On July 18 to 22 of 2022, a delegation from the PETI Committee of the European Union made a visit to Washington, DC to discuss “FATCA Concerns” with US Treasury and certain members of Congress. An excellent report on the meeting was written by Helen Burggraf in the American Expat Financial News Journal. On January 25, 2023 those members delivered a live report to the European Parliament of the visit.

The perception in January of 2023

The following video – January 25, 2023 in which the delegates report on their trip to Washington to the PETI Committee is worth watching.

https://multimedia.europarl.europa.eu/en/event_20230125-0900-COMMITTEE-PETI_vd?start=20230125080941&end=20230125111858

The members discuss:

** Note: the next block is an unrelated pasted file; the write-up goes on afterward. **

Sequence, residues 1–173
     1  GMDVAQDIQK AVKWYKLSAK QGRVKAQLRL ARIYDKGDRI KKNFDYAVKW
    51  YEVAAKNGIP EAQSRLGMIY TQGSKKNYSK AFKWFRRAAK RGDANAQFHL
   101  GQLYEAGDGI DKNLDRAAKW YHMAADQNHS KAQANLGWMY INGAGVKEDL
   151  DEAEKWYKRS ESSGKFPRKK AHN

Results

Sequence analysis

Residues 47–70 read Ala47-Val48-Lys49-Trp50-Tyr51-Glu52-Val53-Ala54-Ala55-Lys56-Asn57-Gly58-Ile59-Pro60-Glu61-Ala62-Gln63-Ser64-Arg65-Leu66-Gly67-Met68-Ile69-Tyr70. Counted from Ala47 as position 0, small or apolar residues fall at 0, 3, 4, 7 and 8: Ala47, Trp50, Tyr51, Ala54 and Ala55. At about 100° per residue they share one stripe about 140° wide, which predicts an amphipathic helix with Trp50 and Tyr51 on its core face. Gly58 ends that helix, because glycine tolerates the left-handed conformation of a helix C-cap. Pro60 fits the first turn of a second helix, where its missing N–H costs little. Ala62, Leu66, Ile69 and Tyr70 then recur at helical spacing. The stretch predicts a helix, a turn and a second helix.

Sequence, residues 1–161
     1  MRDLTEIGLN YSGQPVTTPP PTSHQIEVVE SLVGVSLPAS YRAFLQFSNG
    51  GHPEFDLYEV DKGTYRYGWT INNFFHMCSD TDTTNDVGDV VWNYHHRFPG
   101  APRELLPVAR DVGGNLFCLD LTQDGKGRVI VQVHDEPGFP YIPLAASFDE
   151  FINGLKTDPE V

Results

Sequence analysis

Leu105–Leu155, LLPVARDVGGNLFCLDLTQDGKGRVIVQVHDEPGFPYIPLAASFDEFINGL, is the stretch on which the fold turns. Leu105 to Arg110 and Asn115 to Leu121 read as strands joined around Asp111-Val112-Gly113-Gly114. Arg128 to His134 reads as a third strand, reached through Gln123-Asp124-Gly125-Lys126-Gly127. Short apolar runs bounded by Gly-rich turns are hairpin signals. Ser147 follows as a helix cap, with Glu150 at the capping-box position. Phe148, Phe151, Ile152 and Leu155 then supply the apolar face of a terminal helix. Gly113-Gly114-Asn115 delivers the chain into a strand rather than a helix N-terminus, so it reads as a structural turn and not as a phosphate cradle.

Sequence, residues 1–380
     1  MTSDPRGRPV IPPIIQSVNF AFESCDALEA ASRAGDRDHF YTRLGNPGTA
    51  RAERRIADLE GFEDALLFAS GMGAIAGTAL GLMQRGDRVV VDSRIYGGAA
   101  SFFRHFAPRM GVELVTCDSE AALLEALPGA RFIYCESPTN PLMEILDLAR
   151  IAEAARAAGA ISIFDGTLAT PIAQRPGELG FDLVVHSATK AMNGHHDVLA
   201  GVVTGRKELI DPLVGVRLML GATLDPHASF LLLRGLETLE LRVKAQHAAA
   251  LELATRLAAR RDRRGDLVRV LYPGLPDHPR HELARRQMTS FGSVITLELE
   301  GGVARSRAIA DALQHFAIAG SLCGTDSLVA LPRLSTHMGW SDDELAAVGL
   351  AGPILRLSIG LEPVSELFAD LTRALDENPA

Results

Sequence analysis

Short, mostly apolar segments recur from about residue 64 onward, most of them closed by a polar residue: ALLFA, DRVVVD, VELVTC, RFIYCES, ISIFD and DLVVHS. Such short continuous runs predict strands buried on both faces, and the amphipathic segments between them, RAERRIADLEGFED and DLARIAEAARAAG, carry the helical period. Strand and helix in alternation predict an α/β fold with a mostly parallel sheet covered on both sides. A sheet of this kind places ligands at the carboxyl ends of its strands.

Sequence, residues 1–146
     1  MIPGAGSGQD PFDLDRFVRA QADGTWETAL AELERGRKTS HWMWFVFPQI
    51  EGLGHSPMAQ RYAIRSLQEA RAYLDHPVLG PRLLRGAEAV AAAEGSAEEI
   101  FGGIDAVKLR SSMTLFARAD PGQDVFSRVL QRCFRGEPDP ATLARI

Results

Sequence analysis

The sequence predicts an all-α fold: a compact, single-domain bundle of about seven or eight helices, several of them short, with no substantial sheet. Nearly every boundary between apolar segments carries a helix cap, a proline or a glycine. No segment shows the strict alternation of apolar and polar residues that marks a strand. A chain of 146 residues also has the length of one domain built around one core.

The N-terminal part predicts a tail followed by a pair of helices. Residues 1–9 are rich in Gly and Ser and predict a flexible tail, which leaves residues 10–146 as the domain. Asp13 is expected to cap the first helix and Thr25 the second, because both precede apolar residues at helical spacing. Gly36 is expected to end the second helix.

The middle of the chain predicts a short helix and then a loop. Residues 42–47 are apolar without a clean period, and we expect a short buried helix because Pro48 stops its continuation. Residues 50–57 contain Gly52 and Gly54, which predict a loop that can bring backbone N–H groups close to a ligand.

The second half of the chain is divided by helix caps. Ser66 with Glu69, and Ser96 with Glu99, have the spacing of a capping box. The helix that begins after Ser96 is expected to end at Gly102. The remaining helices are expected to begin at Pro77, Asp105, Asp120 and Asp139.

– how they experienced the meetings

– the necessity of continuing to work on the “European FATCA” problem

– the general attitude of their American hosts towards the FATCA problem (in some cases outright denial).

I would say that the sentiment was “cautious optimism”.

(The article by Stephen Gardner referenced in the above tweet continues additional commentary.)

The video also includes the thoughts of “Prof Carlo Garbarino – Bocconi University, Milano, Italy” who prepared the following report titled: “FATCA LEGISLATION AND ITS APPLICATION AT INTERNATIONAL AND EU LEVEL: – AN UPDATE”

IPOL_IDA(2022)734765_EN

John Richardson – Follow me on Twitter @Expatriationlaw

New Location: John Richardson – Information Session – London, UK – Thursday Oct. 13/22 – 19:30 – 21:30